Hero Heteros Fight For Straight Rights On Campus
From North American campuses, we have two stirring tales of bold thinkers who are unafraid to be conventional. First, at Smith College, the sad tale of an unnamed woman who sought to fight back against the rampant gay-friendliness of the Northampton, Massachusetts, private college’s social scene. All she wanted, she said, was a place where she could feel safe, to be free to be who she is. In a now-deleted Tumblr post, another student posted the woman’s email inviting like-minded students to
start a sorority at smith (Delta Gamma/DG), which would basically just be an exclusive group for straight girls, a little friend group.. We would have sorority mixers with Amherst men, weekly dinner dates, weekly photoshoots where we would dress up nice, baking nights.. We would also get Sorority apparel (even Lily Pulitzer has the cutest DG stuff!) and we’d have traditions, like every wednesday we wear pink haha
The student added that “personally as a straight girl at Smith, I feel marginalized and I feel like the minority,” and so she thought it would be a “really great way to socialize with people we identify more with at smith, and to meet more guys.” Poor thing. Bet she feels just like the protagonist of this My Little Pony fan fiction, a girl pony in an alternate-universe Ponyville where everyone is gay, but she realizes that she’s (gasp!) attracted to a stallion!*
The Smith student’s proposal wasn’t met with a lot of enthusiasm at her own school for some reason, but has already become an example of “liberal intolerance” at rightwing sites.
Our other tale of Boldy Going Where Everyone Has Gone Before comes from the University of Toronto, where novelist and literature teacher David Gilmour is wondering why anyone is making a fuss over comments he made during an interview in Hazlitt magazine. All he did was say that he tells students,
“If you want women writers go down the hall. What I teach is guys. Serious heterosexual guys. F. Scott Fitzgerald, Chekhov, Tolstoy. Real guy-guys. Henry Miller. Philip Roth.”
But really, it’s not like he thinks women can’t write well; he just identifies with white males for some reason. In a follow-up interview with CBC News, Gilmour explained,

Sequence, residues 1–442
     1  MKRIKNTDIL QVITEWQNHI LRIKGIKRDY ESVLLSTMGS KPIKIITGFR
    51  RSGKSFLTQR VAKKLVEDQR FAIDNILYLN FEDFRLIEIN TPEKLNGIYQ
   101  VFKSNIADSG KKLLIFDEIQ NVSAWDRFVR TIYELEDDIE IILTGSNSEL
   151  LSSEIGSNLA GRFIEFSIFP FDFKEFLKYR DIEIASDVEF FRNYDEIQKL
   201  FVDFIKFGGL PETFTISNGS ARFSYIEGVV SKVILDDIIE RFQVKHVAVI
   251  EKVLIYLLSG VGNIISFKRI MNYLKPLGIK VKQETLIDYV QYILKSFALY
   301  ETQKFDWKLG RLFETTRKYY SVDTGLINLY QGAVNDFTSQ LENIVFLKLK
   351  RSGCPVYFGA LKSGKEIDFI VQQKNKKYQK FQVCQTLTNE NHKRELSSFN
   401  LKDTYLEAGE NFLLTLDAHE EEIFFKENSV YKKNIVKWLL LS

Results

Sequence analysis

“I choose all material for my courses according to people whose lives I feel are vaguely close to mine, but whose work I really adore … There are a lot of other people who are equally good writers. I don’t teach them, not because they’re not equally good, but because I don’t emotionally connect with them as I do with other writers.”
And why should anyone have to read or teach things that they don’t personally connect with? Plus, he just loves Virginia Woolfe, though unfortunately her stuff is “too sophisticated” for his university students. And he’s definitely not sexist or anything, because he’s not saying that women can’t write as well as men:
“I love Alice Munro,” he explained. “I think she’s as good a writer as they come. But she writes about an arena of human experience — small-town, rural Ontario — that, frankly, doesn’t speak to me. I’m a Phillip Roth guy. I teach about people who live in the heart of the city, who have the same masculine concerns that I do. And if people don’t want to study that, they should go down the hall and study with someone who can teach it far, far better than I can.”
Gosh, what a very, very inspiring case for higher education, which is all about keeping one’s horizons precisely where they are.
*To be fair to the author of the fanfic, I honestly can’t tell whether it’s intended to be a “reverse world” look at homophobia a la White Man’s Burden, or a protest similar to the Smith student’s. The fic’s “heterophobia” tag isn’t helping, either